Summit County offers up to $15,000 in COVID-19 relief for small businesses |

Summit County offers up to $15,000 in COVID-19 relief for small businesses

Various signs around Summit County — like this one at Bread and Salt in Frisco on March 17 — describe modifications to service to comply with state health guidelines during the COVID-19 outbreak.
Photo by Liz Copan / Summit Daily archives

Summit County is offering up to $15,000 in grants for businesses that are experiencing a loss in revenue due to the novel coronavirus pandemic.

The county is dedicating $250,000 of the $1.8 million it received in surplus CARES Act funding to business relief, County Manager Scott Vargo said at a Board of Health meeting Thursday, Dec. 3.

The application for businesses to receive a one-time grant of up to $15,000 of that funding opened Friday, Dec. 4, and is due by Monday, Dec. 14. The grant money is intended for essential business-related expenses, such as rent, payroll, mortgages, utilities and supplies. Businesses have until Dec. 30 to spend the money.

To qualify, businesses must meet the following criteria:

  • Have a physical building on commercially zoned land in unincorporated Summit County
  • Have a current sales tax license if the business sells products
  • Be able to demonstrate a 20% loss of revenue from 2019 to 2020
  • Have fewer than 100 employees

Summit County isn’t the only governing body to offer a second round of assistance for businesses. The town of Breckenridge set aside $1.1 million to give to its restaurants and employees in response to level red restrictions. According to the county’s website, people with businesses in town boundaries should contact the town governments about assistance.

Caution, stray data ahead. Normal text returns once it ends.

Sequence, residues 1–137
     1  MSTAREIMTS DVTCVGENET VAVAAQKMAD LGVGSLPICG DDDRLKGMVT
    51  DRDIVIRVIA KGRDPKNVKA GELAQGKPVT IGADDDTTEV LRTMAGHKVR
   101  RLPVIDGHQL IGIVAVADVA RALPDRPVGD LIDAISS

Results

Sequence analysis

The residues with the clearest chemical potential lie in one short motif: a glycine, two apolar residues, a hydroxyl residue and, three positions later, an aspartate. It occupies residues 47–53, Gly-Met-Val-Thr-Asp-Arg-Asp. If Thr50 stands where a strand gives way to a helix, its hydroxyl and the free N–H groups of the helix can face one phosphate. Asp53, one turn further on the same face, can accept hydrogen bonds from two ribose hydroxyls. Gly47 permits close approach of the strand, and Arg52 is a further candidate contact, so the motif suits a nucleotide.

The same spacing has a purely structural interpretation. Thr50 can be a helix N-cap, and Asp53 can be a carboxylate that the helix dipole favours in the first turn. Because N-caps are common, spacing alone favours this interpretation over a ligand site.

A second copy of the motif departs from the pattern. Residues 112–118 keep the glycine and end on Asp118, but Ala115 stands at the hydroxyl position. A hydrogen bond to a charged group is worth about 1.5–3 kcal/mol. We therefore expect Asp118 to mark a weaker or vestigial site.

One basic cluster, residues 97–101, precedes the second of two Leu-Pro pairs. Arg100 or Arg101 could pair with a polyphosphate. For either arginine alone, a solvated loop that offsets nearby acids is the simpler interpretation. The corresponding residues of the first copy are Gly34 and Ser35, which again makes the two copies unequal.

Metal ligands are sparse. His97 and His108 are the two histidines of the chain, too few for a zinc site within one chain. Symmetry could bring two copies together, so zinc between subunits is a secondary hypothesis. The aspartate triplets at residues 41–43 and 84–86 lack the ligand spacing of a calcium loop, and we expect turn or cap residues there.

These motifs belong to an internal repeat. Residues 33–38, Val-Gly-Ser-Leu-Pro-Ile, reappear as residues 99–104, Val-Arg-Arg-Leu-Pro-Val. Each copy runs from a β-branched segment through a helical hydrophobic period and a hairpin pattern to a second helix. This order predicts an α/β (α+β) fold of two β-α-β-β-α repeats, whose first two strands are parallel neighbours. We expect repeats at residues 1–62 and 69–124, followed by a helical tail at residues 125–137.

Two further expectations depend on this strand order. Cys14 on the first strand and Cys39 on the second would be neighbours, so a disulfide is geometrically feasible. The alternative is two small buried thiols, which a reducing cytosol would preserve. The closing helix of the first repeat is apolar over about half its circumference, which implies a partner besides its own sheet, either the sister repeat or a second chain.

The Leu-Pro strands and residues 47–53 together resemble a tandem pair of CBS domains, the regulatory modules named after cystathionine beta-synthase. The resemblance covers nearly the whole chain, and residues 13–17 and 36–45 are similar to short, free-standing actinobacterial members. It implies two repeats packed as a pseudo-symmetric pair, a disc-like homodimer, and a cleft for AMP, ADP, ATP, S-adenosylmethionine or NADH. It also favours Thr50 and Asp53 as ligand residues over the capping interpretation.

When the county first offered relief funding to businesses in the spring, the funding was focused on restaurants and retail stores. This time around, the county is expanding eligibility to include personal services businesses and property management businesses.

Home-based businesses, short-term rentals, real estate businesses, professional service providers, publicly traded corporate entities and their subsidiaries are not eligible.

At Thursday’s meeting, Commissioner Thomas Davidson said it’s important to include property management companies because many smaller, housekeeping services fall into that category.

“For those kinds of small businesses, a lot of them are first generation to Summit County or to this country even,” he said. “I absolutely am sure they need help.”

The county decided to keep the requirement that businesses must have a physical building to be eligible for the funding in an effort to ensure the funding is going toward essential expenses.

“We’re not going to get into how much they use of it for personal versus business,” Finance Director Marty Ferris said. “We’re trying to make it as streamlined as possible.”

Vargo said the county has the ability to reevaluate if it finds that not all of the resources are exhausted.

“Maybe first crack is brick and mortar businesses located in commercially zoned (areas) and if that doesn’t generate the level of interest that we expect it might, then we could come back and add some other categories,” he said.

Businesses can apply for the funding by going to

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